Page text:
A Thai soldier was killed in clashes with Cambodian troops at the two countries' border early Saturday, bringing the toll to three in the deadliest fighting between the neighbours in almost two years.
Cambodian soldiers stand guard near the Cambodian and Thai border at Anglong Veng district in Odar Meanchey province, some 450 kilometers northwest of Phnom Penh on February 5, 2011.
Renewed gunfights broke out briefly early in the morning near a disputed 11th-century temple, officials on both sides said, just hours after skirmishes left a Cambodian soldier and a Thai civilian dead.
Cambodia's Foreign Minister Hor Namhong wrote to the United Nations to draw its attention to the "explosive situation at the border".
Blaming the fighting on "flagrant aggression" by Thai troops, he said "Cambodian troops had no option but to retaliate in self-defence", in a letter addressed to UN Security Council president Maria Luiza Ribeiro Viotti.
He did not explicitly call for UN intervention.
Thailand, which was to convene an urgent security meeting on Saturday afternoon to assess the situation, said it was also considering filing a complaint to the UN.
Clashes between the neighbours erupted for the first time in more than a year on Friday as simmering border tensions boiled over. Both countries have accused the other of starting the latest violence.
Ties between the two countries have been strained since July 2008 by a series of deadly border clashes over land surrounding the temple after it was granted UN World Heritage status.
The 4.6-square-kilometre (1.8-square-mile) area around the ancient temple is claimed by both sides.
In April 2009, two Cambodian soldiers and one Thai trooper were killed in a heavy gunbattle on the border as tensions spiked.
Thai Deputy Prime Minister Suthep Thaugsuban said the two countries "should concentrate on how to end the conflict, which I believe was triggered by tension on both sides".
The United States urged both sides to exercise "maximum restraint".
Around 10 Thai and eight Cambodian soldiers have been injured so far, and Cambodian military sources claimed a total of five Thai troops had been captured, though Thailand denies this.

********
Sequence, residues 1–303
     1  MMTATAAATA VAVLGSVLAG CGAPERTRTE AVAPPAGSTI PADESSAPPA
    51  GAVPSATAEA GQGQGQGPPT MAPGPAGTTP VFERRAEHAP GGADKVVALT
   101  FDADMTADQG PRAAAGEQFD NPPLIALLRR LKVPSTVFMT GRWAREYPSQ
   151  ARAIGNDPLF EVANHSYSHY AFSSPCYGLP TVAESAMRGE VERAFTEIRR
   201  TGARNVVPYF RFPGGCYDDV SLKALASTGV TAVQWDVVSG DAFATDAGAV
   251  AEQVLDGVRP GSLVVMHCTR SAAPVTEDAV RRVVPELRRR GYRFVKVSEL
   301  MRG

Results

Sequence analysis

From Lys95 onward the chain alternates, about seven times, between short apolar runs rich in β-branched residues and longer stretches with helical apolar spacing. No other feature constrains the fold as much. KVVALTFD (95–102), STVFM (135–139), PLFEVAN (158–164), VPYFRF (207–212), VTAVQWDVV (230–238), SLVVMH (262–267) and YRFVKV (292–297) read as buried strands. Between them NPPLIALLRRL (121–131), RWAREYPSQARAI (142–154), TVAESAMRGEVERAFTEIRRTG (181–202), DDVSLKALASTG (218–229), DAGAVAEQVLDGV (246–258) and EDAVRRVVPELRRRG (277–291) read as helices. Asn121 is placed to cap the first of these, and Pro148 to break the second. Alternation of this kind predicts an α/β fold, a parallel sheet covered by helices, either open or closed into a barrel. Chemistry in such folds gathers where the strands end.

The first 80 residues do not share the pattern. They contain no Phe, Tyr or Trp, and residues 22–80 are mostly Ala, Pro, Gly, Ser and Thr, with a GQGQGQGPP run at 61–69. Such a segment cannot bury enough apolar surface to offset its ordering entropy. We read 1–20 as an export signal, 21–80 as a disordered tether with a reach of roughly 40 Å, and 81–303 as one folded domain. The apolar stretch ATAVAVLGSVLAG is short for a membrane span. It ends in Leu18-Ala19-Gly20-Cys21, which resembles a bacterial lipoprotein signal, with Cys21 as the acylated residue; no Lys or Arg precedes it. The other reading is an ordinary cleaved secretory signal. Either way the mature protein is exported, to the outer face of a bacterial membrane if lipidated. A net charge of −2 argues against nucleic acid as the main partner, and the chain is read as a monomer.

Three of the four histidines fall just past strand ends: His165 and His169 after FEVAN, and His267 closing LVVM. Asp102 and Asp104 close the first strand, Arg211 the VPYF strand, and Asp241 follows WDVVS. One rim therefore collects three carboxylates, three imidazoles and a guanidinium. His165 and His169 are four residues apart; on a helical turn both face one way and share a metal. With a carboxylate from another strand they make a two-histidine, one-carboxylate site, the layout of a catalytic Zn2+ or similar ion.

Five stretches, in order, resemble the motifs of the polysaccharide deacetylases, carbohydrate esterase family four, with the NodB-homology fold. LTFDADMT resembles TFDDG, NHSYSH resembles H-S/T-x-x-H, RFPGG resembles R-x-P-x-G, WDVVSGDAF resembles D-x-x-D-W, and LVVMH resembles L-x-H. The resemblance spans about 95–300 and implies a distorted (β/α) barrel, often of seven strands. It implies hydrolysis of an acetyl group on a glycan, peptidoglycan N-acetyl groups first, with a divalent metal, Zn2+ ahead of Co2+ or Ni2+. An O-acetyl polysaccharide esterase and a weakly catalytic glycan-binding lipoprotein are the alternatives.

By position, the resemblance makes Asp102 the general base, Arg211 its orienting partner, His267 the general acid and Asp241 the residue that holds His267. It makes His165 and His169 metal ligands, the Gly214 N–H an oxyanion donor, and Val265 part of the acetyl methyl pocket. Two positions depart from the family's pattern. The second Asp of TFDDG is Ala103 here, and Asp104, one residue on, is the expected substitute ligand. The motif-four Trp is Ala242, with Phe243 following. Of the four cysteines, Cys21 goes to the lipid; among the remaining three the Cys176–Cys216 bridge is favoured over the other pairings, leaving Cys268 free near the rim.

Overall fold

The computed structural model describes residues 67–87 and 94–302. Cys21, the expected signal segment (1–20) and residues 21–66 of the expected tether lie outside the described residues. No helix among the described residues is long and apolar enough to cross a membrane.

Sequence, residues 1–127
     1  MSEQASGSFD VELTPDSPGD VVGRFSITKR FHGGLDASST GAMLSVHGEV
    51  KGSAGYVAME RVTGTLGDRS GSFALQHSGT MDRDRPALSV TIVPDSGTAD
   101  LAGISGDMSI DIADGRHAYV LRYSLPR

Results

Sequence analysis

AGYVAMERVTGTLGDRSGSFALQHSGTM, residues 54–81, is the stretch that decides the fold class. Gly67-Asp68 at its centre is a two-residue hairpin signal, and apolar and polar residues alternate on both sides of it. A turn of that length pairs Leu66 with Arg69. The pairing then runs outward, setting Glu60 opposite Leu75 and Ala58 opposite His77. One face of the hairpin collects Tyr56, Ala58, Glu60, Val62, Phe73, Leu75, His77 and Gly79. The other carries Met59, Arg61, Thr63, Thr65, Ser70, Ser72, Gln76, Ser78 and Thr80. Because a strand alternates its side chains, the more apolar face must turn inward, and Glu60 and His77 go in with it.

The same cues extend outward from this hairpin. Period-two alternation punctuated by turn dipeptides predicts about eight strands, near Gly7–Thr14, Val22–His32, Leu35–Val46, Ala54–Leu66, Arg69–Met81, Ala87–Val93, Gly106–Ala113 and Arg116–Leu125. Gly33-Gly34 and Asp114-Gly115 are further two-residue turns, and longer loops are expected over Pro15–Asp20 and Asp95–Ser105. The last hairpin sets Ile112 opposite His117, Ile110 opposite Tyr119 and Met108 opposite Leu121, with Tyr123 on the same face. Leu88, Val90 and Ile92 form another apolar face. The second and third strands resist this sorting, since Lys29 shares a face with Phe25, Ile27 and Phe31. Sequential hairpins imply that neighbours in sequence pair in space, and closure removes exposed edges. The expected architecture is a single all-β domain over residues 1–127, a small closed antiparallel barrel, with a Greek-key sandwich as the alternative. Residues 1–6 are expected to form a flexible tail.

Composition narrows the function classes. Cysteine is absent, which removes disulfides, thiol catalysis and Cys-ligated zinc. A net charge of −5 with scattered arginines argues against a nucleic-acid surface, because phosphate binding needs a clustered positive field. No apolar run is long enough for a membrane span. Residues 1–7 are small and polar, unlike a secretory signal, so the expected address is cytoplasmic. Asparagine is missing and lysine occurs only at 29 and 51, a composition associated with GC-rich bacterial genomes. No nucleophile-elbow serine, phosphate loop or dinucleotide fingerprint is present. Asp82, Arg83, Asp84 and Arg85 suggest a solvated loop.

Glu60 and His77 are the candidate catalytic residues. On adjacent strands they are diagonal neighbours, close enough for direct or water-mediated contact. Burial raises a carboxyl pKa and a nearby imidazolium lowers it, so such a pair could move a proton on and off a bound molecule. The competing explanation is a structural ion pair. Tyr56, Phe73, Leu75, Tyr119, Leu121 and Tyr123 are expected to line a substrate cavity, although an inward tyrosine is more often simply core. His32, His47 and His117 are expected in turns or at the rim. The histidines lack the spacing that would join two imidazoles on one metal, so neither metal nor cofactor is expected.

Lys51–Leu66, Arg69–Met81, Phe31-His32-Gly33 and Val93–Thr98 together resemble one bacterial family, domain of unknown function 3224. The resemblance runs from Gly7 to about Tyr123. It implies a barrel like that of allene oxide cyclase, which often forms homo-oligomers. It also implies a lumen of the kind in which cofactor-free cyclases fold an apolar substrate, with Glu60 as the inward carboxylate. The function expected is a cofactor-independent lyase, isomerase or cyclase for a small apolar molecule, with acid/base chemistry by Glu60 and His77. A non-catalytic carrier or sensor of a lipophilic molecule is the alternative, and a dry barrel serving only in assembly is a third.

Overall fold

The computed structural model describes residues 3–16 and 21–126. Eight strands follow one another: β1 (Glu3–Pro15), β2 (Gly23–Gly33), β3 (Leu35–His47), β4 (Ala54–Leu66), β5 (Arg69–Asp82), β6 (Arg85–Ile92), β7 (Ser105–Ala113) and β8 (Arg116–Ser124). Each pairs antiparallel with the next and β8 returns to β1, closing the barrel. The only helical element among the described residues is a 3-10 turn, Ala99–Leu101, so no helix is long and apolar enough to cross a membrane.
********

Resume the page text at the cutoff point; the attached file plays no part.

The Thai foreign ministry issued a statement accusing Cambodia of shelling a village, while Cambodia said Thai armed forces had fired artillery shells about 20 kilometres (12 miles) inside Cambodian territory.
Cambodia said the fighting had caused "serious" damage to the ancient Preah Vihear temple.
Thailand and Cambodia have been talking tough on the border issue, which some observers say serves nationalist goals at home on both sides.
The World Court ruled in 1962 that Preah Vihear itself belonged to Cambodia, although its main entrance lies in Thailand. The exact boundary through the surrounding grounds remains in dispute.
The Thai-Cambodia border has never been fully demarcated, partly because it is littered with landmines left over from decades of war in Cambodia.
Another border spat has focused on the Keo Sikha Kiri Svara pagoda, which is built in the disputed area. Thailand on Monday demanded that Cambodia remove its flag from the pagoda, which it said was "situated on Thai territory" -- a claim Cambodia vehemently rejects.
Tensions between the two countries have flared in recent weeks in the wake of the arrest of seven Thai nationals for illegal entry into Cambodia in late December.
Five of the group were given suspended sentences and have since returned to Thailand. The other two, high-profile nationalist activist Veera Somkwamkid and his secretary, were sentenced to lengthy jail terms for spying, in a case that has caused outrage among Thailand's influential "Yellow Shirts".
Thai deputy premier Suthep said the Yellows, who were expected to step up a protest outside Government House in Bangkok on Saturday, had worsened the conflict.
Yellow Shirts are a force to be reckoned with in Thailand's colour-coded politics and have helped to claim the scalps of three governments in under five years, including that of fugitive former premier Thaksin Shinawatra.